in structural litigation “develop[ed] more paperwork, commitment to quality improvement, and cross-sectional
checklists, and bureaucratic oversight, essentially ‘teacher- comparisons, which cannot rule out preexisting quality
proofing’ the reform process.” In family law, Catherine Ross differences between adopting and nonadopting institutions.
concluded that “[t]here is . . . no easy checklist that agencies We also use internal administrative data to account for
and courts can rely upon to predict whether a child can be assignments of establishments to inspectors. The checklist
safe with his or her parents.” In securities regulation, Cristie effect is hence identified by changes in how the same
Ford opined that “[c]reating ever-longer lists of prohibited establishments are inspected by the same inspectors before
behavior or checklists of compliance-related best practices and after the code revision, for the subset of code items
will not be effective if the basic culture of the firm does not that remained identical except for the checklist format.
foster law-abiding behavior.” In food safety, Diana Stuart This has a considerable advantage in the inspection context,
and Michelle Worosz documented one veteran food safety where there are well-documented differences in inspection
auditor who claimed that “about 70 [percent] of the items on stringency by inspector. Last, because the checklist format
food safety checklists are irrelevant to food safety.” was merely incidental to the substantive changes in the
A core empirical premise of proponents is that checklists, health code, our design rules out Hawthorne effects, where-
by reminding individuals, should improve the detection of by research subjects may improve performance because they
errors, violations, or mistakes for complex tasks. Despite the know they are being observed.
litany of reform proposals and sharp disagreement over their Our study examines data from 95,087 inspections, and 15
effectiveness, this empirical premise has never been subject identical violations (1,426,305 potential violations) scored in
to rigorous empirical scrutiny in law and public policy. each inspection by 37 inspectors serving before and after the
Our article in the Journal of Empirical Legal Studies addresses intervention for 2001–2009. Applying logistic difference-
this lacuna by providing the first evidence in a legal context in-differences regressions with inspector and establishment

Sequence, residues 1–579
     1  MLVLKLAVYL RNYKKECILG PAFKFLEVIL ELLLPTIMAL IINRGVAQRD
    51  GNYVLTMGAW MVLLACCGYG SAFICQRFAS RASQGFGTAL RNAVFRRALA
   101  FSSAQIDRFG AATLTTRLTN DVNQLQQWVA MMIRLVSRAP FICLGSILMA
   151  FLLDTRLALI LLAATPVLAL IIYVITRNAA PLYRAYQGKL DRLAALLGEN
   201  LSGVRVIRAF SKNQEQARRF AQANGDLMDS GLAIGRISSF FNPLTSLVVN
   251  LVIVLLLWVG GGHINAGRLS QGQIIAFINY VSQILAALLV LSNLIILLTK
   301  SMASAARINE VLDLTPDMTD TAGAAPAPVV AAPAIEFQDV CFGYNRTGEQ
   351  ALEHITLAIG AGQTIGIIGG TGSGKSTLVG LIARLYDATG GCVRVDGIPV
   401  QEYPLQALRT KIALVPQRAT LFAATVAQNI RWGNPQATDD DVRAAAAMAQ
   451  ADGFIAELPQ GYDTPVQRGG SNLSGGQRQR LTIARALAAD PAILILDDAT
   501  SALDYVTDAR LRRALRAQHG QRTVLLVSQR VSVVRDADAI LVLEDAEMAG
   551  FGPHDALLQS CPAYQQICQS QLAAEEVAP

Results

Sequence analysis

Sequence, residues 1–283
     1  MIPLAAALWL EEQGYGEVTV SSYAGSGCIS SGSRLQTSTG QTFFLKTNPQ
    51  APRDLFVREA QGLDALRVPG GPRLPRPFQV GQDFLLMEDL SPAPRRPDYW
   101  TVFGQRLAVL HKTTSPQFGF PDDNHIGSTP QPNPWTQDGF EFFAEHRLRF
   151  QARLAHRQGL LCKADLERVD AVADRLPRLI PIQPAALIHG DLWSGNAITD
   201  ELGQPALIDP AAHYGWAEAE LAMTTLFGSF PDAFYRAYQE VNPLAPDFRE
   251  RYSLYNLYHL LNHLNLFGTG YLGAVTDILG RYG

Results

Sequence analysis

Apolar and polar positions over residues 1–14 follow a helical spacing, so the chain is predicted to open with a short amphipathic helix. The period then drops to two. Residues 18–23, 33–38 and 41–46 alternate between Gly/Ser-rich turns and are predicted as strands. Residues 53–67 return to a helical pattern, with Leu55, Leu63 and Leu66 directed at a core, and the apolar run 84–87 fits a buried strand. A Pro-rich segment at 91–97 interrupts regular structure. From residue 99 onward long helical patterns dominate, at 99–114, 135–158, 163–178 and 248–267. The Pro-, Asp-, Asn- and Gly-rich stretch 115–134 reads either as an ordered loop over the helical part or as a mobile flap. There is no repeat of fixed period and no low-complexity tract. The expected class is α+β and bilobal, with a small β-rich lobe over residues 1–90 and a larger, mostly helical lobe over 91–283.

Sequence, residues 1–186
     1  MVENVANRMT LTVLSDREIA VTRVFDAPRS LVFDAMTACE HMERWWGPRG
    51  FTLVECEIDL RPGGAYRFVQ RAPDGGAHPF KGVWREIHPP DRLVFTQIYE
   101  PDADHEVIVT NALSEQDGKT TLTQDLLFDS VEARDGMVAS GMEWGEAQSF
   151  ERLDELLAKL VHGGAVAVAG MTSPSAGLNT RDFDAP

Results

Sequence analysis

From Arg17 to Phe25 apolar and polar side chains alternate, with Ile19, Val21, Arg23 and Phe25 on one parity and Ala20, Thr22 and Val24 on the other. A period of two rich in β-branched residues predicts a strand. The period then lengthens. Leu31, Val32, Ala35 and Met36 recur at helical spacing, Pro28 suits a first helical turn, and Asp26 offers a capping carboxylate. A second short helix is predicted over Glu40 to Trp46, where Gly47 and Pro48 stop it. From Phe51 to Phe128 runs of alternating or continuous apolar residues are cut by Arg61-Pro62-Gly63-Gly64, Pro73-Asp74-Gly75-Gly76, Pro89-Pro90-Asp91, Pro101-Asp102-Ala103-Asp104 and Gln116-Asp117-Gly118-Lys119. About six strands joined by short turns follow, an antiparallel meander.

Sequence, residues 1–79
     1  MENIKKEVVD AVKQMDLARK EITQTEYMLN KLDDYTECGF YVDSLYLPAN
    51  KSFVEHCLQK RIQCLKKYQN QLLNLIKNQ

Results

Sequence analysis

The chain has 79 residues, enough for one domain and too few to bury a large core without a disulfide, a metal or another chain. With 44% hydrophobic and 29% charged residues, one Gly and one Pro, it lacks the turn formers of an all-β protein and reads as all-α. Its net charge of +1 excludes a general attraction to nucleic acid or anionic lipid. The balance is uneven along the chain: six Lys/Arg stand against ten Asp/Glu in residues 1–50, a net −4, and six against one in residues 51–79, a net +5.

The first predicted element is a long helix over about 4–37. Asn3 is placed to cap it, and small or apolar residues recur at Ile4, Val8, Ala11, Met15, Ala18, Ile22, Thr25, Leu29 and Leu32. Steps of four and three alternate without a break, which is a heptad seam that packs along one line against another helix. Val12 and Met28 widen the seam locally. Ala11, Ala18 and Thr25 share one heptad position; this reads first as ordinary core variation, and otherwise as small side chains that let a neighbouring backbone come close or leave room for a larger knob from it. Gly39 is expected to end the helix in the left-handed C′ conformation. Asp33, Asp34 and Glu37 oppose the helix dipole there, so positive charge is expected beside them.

of the effectiveness of checklists. We study a unique and fixed effects, we find that the checklist has no appreciable
inadvertent natural experiment in food safety enforcement effect on inspection behavior. Because of the large sample
conducted by the Public Health Department in Seattle and size, our estimates are relatively precise, allowing us to rule
King County, Washington. In 2005, the department revised its out moderately sized effects. On the other hand, elevating
health code, subjecting roughly half of violations (classified as the salience of a violation has a pronounced effect, even when
critical) to a checklist to be employed by inspectors, but leav- the violation remains the same.
ing other (noncritical) violations to a freeform recall basis, as These findings have considerable implications for
was the case before for all violations. Most importantly, while regulatory enforcement and how we conceive of choice ar-
the revision added and revised a range of items, through in- chitecture for regulatory behavior. Checklists are no panacea,
depth qualitative research, including engagement with staff and they cannot resolve core issues of administrative law

and the design of regulatory institutions. The benefits of NOTE

checklists likely emanate from the process of simplifying This research brief is based on Daniel E. Ho, Sam Sherman,
core responsibilities and focusing on areas of highest risk, and Phil Wyman, “Do Checklists Make a Difference? A Natural
not checklists alone. Our findings hence suggest that proper Experiment from Food Safety Enforcement,” Journal of Empirical
prioritization of risk factors and code item simplification are Legal Studies 15 (2018): 242–77, https://onlinelibrary.wiley.com/
critical to improving regulatory enforcement. doi/abs/10.1111/jels.12178.